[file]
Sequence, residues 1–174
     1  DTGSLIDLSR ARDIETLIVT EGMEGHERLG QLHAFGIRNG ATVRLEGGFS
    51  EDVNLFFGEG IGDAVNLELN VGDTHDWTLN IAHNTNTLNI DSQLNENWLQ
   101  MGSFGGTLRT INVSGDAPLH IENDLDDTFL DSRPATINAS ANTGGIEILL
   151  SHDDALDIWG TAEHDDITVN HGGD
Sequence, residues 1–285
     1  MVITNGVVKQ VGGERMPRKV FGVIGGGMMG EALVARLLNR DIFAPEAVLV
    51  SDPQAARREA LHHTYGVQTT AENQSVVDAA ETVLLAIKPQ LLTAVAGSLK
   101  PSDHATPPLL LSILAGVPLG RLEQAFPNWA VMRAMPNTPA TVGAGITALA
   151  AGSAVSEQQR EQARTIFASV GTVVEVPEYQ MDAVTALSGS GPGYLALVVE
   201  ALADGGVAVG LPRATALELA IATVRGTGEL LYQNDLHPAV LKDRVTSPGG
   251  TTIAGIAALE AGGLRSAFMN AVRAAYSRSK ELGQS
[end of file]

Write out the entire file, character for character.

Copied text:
Sequence, residues 1–174
     1  DTGSLIDLSR ARDIETLIVT EGMEGHERLG QLHAFGIRNG ATVRLEGGFS
    51  EDVNLFFGEG IGDAVNLELN VGDTHDWTLN IAHNTNTLNI DSQLNENWLQ
   101  MGSFGGTLRT INVSGDAPLH IENDLDDTFL DSRPATINAS ANTGGIEILL
   151  SHDDALDIWG TAEHDDITVN HGGD
Sequence, residues 1–285
     1  MVITNGVVKQ VGGERMPRKV FGVIGGGMMG EALVARLLNR DIFAPEAVLV
    51  SDPQAARREA LHHTYGVQTT AENQSVVDAA ETVLLAIKPQ LLTAVAGSLK
   101  PSDHATPPLL LSILAGVPLG RLEQAFPNWA VMRAMPNTPA TVGAGITALA
   151  AGSAVSEQQR EQARTIFASV GTVVEVPEYQ MDAVTALSGS GPGYLALVVE
   201  ALADGGVAVG LPRATALELA IATVRGTGEL LYQNDLHPAV LKDRVTSPGG
   251  TTIAGIAALE AGGLRSAFMN AVRAAYSRSK ELGQS